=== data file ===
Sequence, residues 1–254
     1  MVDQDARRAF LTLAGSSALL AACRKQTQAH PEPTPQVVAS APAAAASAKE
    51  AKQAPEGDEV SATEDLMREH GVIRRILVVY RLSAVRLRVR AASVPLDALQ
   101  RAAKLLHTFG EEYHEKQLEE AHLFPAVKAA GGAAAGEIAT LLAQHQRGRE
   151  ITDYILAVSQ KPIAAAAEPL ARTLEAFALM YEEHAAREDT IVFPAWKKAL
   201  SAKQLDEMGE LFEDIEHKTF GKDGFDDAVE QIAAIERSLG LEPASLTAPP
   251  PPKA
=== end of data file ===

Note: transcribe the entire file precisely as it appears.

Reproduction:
Sequence, residues 1–254
     1  MVDQDARRAF LTLAGSSALL AACRKQTQAH PEPTPQVVAS APAAAASAKE
    51  AKQAPEGDEV SATEDLMREH GVIRRILVVY RLSAVRLRVR AASVPLDALQ
   101  RAAKLLHTFG EEYHEKQLEE AHLFPAVKAA GGAAAGEIAT LLAQHQRGRE
   151  ITDYILAVSQ KPIAAAAEPL ARTLEAFALM YEEHAAREDT IVFPAWKKAL
   201  SAKQLDEMGE LFEDIEHKTF GKDGFDDAVE QIAAIERSLG LEPASLTAPP
   251  PPKA